| Global Times | 2013-12-24 18:18:02
By Hugh White
From one perspective, China's declaration of a new Air Defense Identification Zone (ADIZ) over the East China Sea is a perfectly natural step. Such zones have been widely accepted under international law and practice for decades, and they have been established by many countries.
But the circumstances in which a step like this is taken can make a big difference to its consequences and implications. In this case, the circumstances in which China's new ADIZ has been declared are very significant indeed. It could well shape the whole strategic future of Asia.
That is because the ADIZ covers the Diaoyu Islands (known as Senkaku Islands in Japan) claimed by both China and Japan. The dispute over the islands has escalated over the past year as both sides have shown that they are willing to defend their competing claims with armed force.
This alone gives Beijing's decision to declare the ADIZ added significance, because it has inevitably been seen as a further step in this escalating dispute. But that is only the start, because the Diaoyu dispute itself must be seen in a wider context.
The issue is not really about possession of a handful of uninhabited rocks. Even the resources that might lie in the waters around them would not be worth the risks to either side of a clash with the other. But control of the islands has become a symbol of a much bigger issue - the question of who leads Asia.
It might seem puzzling that such a big question should depend on such intrinsically insignificant territories, but the explanation is quite simple. As China's power grows, Japan worries that it will find itself subordinate to China's regional leadership, which would harm Japan's prospects. It fears that minor concessions to Beijing over the disputed islands would imply that it acknowledges China's regional primacy and accepts its own subordination. Tokyo is determined not to do that.
On the other hand, Japan's leaders know that China is vitally important to their country, and they dread an armed clash. They look to the US to shield them from this risk and from the pressure they feel from China.
The US-Japan alliance therefore draws Washington directly into the rising tensions between China and Japan in the East China Sea. That has huge implications for Washington's own position in Asia.
If Japan loses confidence in the US, it will abandon the alliance and look to its own defense. Japan remains a rich and powerful country easily able to defend itself if it chooses, and there are already signs that it is moving this way.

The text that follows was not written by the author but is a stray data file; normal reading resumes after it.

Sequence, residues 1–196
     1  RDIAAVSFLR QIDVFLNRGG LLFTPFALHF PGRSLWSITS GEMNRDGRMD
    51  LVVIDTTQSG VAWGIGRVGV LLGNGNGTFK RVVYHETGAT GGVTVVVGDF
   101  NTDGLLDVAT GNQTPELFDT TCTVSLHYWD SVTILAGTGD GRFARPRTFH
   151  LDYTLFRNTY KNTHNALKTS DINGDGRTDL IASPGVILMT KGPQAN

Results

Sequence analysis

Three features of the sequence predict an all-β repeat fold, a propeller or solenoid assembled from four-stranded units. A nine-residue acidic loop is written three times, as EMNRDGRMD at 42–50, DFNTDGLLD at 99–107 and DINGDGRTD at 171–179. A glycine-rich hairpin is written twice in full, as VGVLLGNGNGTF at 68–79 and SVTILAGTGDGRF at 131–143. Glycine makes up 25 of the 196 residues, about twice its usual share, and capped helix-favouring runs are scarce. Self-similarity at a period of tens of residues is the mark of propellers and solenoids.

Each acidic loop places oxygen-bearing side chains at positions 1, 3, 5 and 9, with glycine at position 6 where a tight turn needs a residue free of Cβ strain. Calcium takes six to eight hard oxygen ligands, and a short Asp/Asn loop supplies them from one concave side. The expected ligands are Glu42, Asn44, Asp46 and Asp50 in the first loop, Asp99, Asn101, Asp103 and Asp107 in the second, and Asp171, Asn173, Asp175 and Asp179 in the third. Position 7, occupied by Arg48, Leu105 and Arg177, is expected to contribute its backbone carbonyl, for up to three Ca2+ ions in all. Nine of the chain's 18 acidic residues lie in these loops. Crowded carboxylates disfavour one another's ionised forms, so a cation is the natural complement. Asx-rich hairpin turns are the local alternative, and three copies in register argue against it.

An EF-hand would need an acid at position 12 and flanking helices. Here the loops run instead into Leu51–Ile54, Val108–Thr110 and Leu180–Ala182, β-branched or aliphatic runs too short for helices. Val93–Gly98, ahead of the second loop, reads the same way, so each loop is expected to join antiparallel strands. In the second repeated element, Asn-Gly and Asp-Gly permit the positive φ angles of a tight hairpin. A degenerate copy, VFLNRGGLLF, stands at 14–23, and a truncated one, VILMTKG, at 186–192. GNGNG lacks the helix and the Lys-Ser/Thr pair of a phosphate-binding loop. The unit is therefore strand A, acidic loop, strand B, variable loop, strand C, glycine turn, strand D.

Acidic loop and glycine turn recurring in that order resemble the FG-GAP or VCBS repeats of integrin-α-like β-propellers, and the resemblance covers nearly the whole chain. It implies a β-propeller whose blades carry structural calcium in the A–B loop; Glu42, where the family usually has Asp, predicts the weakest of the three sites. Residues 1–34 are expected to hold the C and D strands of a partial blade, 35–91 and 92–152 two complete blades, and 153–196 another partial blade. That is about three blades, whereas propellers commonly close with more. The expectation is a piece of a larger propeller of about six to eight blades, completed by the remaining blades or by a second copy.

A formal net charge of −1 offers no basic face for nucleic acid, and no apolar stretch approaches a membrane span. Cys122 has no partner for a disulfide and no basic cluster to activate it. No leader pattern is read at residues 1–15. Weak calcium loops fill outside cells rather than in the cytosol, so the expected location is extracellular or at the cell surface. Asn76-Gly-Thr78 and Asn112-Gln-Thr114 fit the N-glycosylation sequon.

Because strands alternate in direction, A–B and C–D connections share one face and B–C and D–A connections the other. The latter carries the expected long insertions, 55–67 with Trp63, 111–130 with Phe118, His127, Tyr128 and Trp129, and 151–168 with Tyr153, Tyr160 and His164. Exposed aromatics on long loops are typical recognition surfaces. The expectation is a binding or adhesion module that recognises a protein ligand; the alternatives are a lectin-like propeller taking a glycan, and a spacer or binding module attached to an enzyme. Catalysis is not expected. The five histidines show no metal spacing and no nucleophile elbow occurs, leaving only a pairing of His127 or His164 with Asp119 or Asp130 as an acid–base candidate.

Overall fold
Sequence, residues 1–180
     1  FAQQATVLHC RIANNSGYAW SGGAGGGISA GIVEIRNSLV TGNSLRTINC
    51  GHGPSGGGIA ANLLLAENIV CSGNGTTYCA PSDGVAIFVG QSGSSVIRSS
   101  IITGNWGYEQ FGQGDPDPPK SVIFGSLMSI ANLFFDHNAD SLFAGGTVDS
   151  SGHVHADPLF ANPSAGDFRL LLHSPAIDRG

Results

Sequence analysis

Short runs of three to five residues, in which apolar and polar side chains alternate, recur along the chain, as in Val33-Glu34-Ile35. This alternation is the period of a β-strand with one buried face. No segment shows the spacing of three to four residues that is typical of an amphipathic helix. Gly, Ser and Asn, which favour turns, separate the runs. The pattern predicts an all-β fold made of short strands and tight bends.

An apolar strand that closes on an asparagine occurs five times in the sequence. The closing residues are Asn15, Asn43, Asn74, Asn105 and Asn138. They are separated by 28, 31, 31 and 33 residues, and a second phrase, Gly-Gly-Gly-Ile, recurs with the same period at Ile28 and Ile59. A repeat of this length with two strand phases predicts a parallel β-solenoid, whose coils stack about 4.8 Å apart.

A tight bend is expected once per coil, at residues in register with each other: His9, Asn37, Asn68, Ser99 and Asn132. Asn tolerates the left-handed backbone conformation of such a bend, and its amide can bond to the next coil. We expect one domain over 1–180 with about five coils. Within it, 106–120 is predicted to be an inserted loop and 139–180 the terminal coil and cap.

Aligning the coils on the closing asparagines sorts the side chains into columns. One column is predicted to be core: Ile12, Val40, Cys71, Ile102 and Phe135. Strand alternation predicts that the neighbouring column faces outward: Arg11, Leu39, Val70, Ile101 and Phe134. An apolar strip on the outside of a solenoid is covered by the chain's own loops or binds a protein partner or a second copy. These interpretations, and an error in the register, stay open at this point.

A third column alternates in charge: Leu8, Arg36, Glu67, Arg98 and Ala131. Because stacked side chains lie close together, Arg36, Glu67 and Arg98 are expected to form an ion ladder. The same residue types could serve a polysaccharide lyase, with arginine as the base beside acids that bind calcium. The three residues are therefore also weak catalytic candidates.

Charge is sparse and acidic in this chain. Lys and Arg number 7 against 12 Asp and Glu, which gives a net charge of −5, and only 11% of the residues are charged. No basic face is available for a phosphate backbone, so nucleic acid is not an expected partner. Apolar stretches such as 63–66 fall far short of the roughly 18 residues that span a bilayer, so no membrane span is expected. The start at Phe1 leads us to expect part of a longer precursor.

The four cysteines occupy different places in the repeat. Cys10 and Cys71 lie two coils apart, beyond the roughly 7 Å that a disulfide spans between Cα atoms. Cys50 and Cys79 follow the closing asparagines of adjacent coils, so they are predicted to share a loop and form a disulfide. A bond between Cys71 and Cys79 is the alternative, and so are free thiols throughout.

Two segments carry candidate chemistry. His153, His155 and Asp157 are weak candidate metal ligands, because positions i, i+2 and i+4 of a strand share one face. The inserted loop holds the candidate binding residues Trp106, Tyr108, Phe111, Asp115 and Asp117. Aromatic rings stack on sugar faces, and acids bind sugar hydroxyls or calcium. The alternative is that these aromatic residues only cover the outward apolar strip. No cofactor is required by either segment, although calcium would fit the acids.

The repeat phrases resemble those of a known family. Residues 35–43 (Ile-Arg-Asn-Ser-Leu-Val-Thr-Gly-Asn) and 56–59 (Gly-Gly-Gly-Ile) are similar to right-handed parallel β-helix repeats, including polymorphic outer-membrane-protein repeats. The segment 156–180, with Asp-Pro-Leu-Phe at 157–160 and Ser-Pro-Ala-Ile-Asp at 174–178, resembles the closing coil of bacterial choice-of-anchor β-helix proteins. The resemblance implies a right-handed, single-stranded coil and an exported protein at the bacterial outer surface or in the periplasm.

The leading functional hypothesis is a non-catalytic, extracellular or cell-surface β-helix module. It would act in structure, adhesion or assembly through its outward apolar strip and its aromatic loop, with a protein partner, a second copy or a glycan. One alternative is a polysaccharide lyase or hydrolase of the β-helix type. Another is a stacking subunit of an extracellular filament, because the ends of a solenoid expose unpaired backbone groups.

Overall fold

If that trend continues, the US will lose Japan as an ally, which would gravely weaken its place as the leading power in Asia. And that would clearly enhance China's own leadership position.
Actions like Beijing's declaration of the ADIZ therefore confront Washington with a very uncomfortable choice. It must either support Japan by opposing China, which risks escalating rivalry with China at huge potential cost and risk. Or it must step back from supporting Japan, which risks undermining its leading position in Asia.
China's leaders are sophisticated strategists, and they no doubt understand all this very clearly. That suggests they deliberately intend to confront Washington with this uncomfortable choice.
Moreover, they presumably expect that faced with this choice, Washington will decide to step back from supporting Japan rather than risk escalating confrontation with China.
If so, they have been proved right so far. After strong initial objections to Beijing's ADIZ announcement, Washington seems to have scaled back its reaction and downplayed its commitments to support Japan militarily in the event of a clash with China.
Specific reference to these commitments was notably absent from Vice President Joe Biden's remarks when he visited Japan and China recently.
All sides need to recognize the need to compromise if conflict is to be avoided. That applies to not just the immediate disputes in the East China Sea, but the much wider questions about the leadership of Asia.
In the future, a peaceful order for Asia will need to accord China a substantially greater leadership role than it has had in recent decades.
But it will also have to accord a significant role for the US, and satisfy Japan's need for security and independence.
Leaders in all three countries will need to work hard if they are to create this kind of new order while avoiding the very real risk of escalating rivalry and conflict.
The author is professor of strategic studies at the Australian National University in Canberra. firstname.lastname@example.org
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